Long-term fixes buck trend of rising rates

Long-term fixes buck trend of rising rates
Despite the Bank of England raising interest rates to 0.50% in February, long term fixed rate deals are currently at their lowest ever level.

Recent weeks have seen shorter term fixed rates tick up following the Bank’s December decision to hike rates, but many lenders, including TSB, Virgin Money, Lloyds and Halifax improved their 10-year fixed rate mortgage offers ahead of the latest rate rise.

Soaring living costs combined with rate rises could boost the appeal of locking into a fixed rate for 10 years, especially now that the margin between these and five-year fixes has narrowed. Ofgem announced earlier this month that the energy price cap will rise by 54% in April, placing even greater financial pressure on many households and prompting many to look at ways to reduce their outgoings.

Locking into a 10-year fix could provide valuable long-term security, especially with interest rates expected to rise further in coming months, but it’s vital to carefully weigh up all the pros and cons of these deals first.

Advantages and disadvantages of long-term fixed rates

Even though 10-year fixed rates have become more competitive in recent weeks, rates are still generally higher than two and five-year fixed rates.

That said, those locking into a shorter-term fix may find that when their deal finishes in a couple of years’ time, two and five fixed rates available at that point could be higher than the long-term fixed rates available now.

One of the biggest considerations when locking in for 10 years or longer, however, is that many of these deals will tie you in for the full fixed rate period. Although 10-year deals are typically portable, which means you can take them to a new property if you decide to move, there are no guarantees that you’ll definitely be able to do this, as you’ll have to meet your lender’s affordability criteria at the time.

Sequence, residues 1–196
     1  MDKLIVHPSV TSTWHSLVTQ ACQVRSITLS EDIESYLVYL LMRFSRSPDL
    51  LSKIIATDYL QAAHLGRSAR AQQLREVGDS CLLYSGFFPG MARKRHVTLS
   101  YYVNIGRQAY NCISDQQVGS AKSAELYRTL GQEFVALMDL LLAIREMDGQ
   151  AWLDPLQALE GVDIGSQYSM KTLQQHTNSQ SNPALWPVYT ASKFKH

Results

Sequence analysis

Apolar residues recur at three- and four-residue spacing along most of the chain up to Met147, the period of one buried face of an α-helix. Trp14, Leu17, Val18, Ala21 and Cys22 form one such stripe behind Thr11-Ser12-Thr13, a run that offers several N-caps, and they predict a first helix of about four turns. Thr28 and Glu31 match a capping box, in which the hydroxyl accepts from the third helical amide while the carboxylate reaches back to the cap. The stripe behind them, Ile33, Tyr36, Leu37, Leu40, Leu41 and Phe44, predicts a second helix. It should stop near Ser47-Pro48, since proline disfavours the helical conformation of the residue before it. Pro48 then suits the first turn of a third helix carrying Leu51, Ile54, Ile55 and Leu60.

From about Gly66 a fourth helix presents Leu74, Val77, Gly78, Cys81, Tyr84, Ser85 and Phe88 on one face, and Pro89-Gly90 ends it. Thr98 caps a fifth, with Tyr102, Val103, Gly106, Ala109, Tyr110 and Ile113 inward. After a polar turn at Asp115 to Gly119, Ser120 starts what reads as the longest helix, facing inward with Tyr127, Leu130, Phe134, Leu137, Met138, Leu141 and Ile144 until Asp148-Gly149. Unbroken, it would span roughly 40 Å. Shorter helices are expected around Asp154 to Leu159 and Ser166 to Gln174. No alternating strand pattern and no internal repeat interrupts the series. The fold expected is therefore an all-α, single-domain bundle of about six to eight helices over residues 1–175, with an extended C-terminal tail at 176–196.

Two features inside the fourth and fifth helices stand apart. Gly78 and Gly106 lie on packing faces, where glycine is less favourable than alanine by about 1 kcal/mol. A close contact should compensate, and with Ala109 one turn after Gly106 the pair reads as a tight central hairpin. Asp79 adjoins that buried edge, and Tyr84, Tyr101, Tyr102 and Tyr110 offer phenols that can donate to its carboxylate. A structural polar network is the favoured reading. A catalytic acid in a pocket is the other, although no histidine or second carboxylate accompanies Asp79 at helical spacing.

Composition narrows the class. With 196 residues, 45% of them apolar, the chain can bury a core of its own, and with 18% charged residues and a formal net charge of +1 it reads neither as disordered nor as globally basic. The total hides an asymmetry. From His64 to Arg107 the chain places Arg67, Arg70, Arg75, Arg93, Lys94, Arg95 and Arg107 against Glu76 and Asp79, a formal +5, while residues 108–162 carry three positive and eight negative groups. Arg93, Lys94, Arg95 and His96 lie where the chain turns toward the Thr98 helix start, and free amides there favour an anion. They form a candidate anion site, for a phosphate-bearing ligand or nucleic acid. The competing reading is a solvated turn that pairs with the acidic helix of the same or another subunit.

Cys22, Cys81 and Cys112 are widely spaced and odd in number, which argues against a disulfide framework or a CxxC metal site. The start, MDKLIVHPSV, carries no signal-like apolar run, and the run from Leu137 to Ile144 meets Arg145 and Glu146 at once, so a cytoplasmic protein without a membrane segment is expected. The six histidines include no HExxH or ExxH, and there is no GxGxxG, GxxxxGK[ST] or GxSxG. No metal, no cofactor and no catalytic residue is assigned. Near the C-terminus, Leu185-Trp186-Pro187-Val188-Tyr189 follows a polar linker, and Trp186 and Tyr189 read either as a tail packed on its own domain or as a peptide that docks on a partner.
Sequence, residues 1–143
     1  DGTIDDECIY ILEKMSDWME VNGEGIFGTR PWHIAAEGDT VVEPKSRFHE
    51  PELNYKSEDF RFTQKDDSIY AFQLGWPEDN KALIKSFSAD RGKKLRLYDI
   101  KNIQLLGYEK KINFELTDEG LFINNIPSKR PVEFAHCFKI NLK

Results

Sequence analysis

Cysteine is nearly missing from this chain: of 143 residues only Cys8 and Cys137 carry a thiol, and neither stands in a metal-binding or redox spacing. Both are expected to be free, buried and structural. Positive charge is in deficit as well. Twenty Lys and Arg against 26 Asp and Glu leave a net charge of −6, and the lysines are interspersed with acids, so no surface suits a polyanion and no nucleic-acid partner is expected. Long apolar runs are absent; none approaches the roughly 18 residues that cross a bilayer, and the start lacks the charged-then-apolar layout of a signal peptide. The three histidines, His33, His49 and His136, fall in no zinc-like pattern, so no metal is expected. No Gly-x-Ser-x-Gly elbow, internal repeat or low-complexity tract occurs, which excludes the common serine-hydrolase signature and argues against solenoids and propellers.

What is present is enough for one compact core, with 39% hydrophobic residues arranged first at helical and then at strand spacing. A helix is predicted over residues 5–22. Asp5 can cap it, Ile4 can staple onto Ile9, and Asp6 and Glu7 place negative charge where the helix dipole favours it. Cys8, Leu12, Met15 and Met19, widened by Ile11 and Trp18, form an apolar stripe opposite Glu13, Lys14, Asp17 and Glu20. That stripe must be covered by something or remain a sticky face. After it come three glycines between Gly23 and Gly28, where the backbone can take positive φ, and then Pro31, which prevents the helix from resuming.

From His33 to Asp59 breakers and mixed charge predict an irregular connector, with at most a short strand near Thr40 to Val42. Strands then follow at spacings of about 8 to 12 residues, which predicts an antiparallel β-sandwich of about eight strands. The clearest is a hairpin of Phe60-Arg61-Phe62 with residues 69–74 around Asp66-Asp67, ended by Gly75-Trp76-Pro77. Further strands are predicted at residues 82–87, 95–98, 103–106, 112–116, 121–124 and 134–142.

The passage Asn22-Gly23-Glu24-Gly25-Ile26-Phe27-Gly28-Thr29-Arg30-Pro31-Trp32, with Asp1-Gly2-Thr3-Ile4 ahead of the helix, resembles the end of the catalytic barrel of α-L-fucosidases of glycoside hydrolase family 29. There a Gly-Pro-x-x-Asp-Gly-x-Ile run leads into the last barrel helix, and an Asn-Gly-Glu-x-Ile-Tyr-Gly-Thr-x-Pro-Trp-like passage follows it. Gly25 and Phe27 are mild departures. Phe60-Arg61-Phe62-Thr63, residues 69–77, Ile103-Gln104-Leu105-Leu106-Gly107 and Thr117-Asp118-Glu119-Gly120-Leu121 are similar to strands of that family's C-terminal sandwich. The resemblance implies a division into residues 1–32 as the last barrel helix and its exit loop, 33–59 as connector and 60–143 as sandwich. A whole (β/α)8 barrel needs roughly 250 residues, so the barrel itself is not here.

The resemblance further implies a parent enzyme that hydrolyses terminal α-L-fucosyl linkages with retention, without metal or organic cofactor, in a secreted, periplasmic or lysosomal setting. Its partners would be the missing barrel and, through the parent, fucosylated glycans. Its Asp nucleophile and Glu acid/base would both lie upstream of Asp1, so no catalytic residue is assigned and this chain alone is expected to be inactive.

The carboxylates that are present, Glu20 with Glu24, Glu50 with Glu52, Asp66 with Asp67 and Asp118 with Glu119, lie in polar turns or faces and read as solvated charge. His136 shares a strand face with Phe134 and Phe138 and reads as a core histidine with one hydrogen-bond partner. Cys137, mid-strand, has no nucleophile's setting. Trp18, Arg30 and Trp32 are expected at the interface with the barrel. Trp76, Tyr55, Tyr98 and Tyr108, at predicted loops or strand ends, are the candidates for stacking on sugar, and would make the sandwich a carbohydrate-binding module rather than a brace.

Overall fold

If your circumstances have changed since you applied for the mortgage, or if the lender has changed its criteria, you may find that you can’t port your mortgage across let alone borrow any additional funds and therefore might have to pay steep Early Repayment Charges to leave your deal.

It’s therefore usually a good idea to consider a long-term fixed rate deal if you’re confident that your circumstances won’t change, and you’re happy to stay in your property for the fixed term period.

Some deals provide homeowners more flexibility, for example only having Early Repayment Charges for the first few years rather than the full 10-year fixed term, and some may not have any repayment charges at all. However, there will usually be a price to pay for this flexibility in the form of higher rates.

Seek professional advice if you’re not sure whether a long-term fixed rate deal is right for you. A broker can take you through all the available options so you can be certain you end up with the best deal for your individual circumstances.

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